The Men & Mice Blog

Take your DNSSEC with a grain of salt

Posted by Dora Vigfusdottir on 1/12/12 8:22 AM

Take your DNSSEC with a grain of salt

by Carsten Strotmann 
originally published at DNS Workshop.

DNSSEC has many useful properties. One is called 'Authenticated denial of existence'. This basically means that a DNSSEC validating DNS Server can prove that domain-names and resource records do not exist in the DNS.

But how does NSEC and NSEC3 work. And how to choose good values for NSEC3 salt and iterations?

Authenticated denial of existence

It requires some 'out of the box' thinking to understand how DNSSEC can prove things that do not exist. The solution is to list all the things (DNS Names and Resource Records) that do exist, and secure that list. If that list can be proven, then everything not listed must not exist. This property of DNSSEC prevents an attacker from sending fake negative DNS responses, like 'google.com -> NXDOMAIN', which could be used for denial of service attacks.

This list of things that do exist in a DNS zone is created by the NSEC (or NSEC3) records. These records build a linked-list from every domain name in a DNS zone, listing all resource record types for each name. Lets have a look at an example, the simple DNS zone 'myzone.example.com.'. Here is the plain DNS zone-file, without DNSSEC:

 

myzone.example.com.   3600 IN SOA  dns1.myinfrastructure.org.  hostmaster.myinfrastructure.org. (
              2011123001
              2h
              1h
              1000h
              1h )
myzone.example.com.     3600 IN NS dns1.myinfrastructure.org.
myzone.example.com.     3600 IN NS dns2.myinfrastructure.org.
myzone.example.com.     3600 IN MX 10 mail.myinfrastructure.org.
www.myzone.example.com. 3600 IN A 192.0.2.100
www.myzone.example.com. 3600 IN AAAA 2001:db6:100::80

The zone including the NSEC records will look like this (I'm omitting all RRSIG signature-records and DNSSEC key records here, because the focus is on the NSEC records):

 

myzone.example.com.     3600    IN SOA  dns1.myinfrastructure.org. hostmaster.myinfrastructure.org. (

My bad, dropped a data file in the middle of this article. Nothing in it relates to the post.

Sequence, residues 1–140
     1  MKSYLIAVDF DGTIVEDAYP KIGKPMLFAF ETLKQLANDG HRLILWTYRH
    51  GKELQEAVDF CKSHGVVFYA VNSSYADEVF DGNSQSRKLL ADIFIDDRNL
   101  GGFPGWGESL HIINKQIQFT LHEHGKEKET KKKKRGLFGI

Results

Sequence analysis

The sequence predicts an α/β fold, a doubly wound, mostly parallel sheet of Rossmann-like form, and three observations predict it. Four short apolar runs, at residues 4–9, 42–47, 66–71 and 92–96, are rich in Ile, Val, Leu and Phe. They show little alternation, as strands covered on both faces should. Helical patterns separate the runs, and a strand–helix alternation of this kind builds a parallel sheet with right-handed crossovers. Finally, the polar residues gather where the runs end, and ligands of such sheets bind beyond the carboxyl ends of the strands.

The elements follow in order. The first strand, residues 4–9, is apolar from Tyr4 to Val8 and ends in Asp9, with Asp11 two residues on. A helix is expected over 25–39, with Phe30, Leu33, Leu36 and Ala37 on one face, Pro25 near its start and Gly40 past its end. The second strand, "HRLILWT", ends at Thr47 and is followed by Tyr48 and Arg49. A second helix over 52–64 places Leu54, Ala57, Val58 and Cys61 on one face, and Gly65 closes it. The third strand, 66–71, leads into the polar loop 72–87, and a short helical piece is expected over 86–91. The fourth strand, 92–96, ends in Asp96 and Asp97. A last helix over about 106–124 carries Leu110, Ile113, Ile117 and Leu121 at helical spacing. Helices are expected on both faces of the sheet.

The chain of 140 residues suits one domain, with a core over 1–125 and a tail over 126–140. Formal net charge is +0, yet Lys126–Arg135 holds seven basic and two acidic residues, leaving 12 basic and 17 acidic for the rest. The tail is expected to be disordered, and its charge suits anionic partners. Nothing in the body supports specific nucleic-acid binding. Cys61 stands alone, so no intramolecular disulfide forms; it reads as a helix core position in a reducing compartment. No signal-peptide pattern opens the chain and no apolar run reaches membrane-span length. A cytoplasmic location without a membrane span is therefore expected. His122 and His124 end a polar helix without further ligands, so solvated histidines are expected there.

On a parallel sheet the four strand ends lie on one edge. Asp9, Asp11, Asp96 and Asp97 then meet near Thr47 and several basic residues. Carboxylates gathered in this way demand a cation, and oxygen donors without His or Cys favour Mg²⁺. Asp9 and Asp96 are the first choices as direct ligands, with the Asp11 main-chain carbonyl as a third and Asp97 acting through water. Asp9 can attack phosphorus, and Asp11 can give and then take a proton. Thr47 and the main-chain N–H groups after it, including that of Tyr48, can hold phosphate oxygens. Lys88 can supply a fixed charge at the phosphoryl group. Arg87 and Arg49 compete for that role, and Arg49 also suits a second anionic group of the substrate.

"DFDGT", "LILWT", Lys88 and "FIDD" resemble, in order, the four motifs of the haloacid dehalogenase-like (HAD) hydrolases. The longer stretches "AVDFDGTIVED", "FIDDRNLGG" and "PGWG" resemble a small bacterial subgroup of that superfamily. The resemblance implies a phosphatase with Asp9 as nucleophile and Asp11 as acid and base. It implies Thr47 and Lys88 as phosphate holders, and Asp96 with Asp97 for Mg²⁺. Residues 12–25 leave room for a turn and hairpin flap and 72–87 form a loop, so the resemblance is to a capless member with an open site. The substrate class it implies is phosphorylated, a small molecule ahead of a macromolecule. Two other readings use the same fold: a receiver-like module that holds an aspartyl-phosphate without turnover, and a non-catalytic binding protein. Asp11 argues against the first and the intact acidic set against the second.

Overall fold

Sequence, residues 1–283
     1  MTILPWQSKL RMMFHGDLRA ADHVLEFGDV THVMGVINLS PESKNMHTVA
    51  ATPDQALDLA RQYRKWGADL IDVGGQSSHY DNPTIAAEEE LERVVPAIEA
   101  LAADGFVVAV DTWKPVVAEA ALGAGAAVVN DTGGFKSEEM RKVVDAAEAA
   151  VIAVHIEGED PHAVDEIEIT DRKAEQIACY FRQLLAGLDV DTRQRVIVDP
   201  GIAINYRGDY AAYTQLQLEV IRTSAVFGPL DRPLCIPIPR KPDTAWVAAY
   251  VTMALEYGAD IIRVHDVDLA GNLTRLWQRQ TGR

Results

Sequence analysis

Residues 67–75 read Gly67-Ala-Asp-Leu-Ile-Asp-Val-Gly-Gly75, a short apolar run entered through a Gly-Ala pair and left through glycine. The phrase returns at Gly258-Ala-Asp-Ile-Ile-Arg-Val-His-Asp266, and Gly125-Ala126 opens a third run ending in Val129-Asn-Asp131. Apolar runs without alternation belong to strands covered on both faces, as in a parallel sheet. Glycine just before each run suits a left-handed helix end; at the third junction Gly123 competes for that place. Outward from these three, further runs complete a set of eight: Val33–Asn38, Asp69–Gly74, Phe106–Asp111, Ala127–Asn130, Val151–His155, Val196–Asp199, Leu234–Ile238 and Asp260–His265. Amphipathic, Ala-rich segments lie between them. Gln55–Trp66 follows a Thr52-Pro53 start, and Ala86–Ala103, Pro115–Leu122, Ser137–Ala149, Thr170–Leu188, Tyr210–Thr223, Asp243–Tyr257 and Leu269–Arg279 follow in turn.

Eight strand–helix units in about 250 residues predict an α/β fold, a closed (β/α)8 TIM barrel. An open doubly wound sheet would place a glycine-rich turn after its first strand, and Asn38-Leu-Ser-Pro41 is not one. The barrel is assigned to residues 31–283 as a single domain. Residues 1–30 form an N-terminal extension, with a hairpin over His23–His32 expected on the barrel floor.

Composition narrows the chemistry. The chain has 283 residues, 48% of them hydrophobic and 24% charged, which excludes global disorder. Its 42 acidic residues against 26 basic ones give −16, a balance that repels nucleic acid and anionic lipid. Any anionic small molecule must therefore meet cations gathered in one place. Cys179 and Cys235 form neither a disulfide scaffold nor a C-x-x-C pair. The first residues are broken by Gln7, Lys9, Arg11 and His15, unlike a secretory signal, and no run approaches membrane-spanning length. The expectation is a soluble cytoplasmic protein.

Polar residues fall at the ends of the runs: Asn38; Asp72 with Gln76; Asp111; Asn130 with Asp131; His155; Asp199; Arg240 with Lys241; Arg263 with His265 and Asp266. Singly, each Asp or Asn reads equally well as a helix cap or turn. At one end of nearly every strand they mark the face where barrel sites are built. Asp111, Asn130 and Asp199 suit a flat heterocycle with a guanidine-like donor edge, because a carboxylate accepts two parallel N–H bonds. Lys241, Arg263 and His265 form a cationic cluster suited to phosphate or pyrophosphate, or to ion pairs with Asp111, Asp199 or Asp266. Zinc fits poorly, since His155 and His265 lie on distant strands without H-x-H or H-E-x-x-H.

2011123001 ; serial
                                        7200       ; refresh (2 hours)
                                        3600       ; retry (1 hour)
                                        3600000    ; expire (5 weeks 6 days 16 hours)
                                        3600       ; minimum (1 hour)
                                        )

                        3600    NS      dns1.myinfrastructure.org.
                        3600    NS      dns2.myinfrastructure.org.
                        3600    MX      10 mail.myinfrastructure.org.
                        3600    NSEC    www.myzone.example.com. NS SOA MX NSEC
www.myzone.example.com. 3600    IN A    192.0.2.100
                        3600    AAAA    2001:db6:100::80
                        3600    NSEC    myzone.example.com. A AAAA NSEC

In this simple zone, we have two domain names (myzone.example.com. and www.myzone.example.com.), and each domain name owns one NSEC record, listing all the resource record types that exist for that name, and pointing to the next domain name in the zone (in lexicographical order). The last NSEC record wraps around and points to the very first domain name in the zone.

 

Walking a DNS zone

Using NSEC is relatively simple, but it has a nasty side-effect: it allows anyone to list the zone content by following the linked list of NSEC records. This is called 'zone walking'. The 'ldns' library contains an tool called 'ldns-walk' that can be used to list all records inside a DNSSEC signed zone that uses NSEC:

 

$ ldns-walk paypal.com
paypal.com.     paypal.com. A NS SOA MX TXT RRSIG NSEC DNSKEY TYPE65534 
3pimages.paypal.com. A RRSIG NSEC 
_dmarc.paypal.com. TXT RRSIG NSEC 
ym2._domainkey.paypal.com. TXT RRSIG NSEC 
3rdparty._spf.paypal.com. TXT RRSIG NSEC 
3rdparty1._spf.paypal.com. TXT RRSIG NSEC 
3rdparty2._spf.paypal.com. TXT RRSIG NSEC 
pp._spf.paypal.com. TXT RRSIG NSEC 
_autodiscover._tcp.paypal.com. SRV RRSIG NSEC 
accounts.paypal.com. CNAME RRSIG NSEC 
active-history.paypal.com. A RRSIG NSEC 
active-www.paypal.com. A RRSIG NSEC 
adnormserv.paypal.com. A RRSIG NSEC 
adnormserv-dft.paypal.com. A RRSIG NSEC 
adnormserv-phx.paypal.com. A RRSIG NSEC 
adnormserv-slc-a.paypal.com. A RRSIG NSEC 
adnormserv-slc-b.paypal.com. A RRSIG NSEC 
....

For some DNS zones, this is an issue. The NSEC3 record option in DNSSEC solves this by creating the linked list using hashed domain-names, instead of clear-text domain names.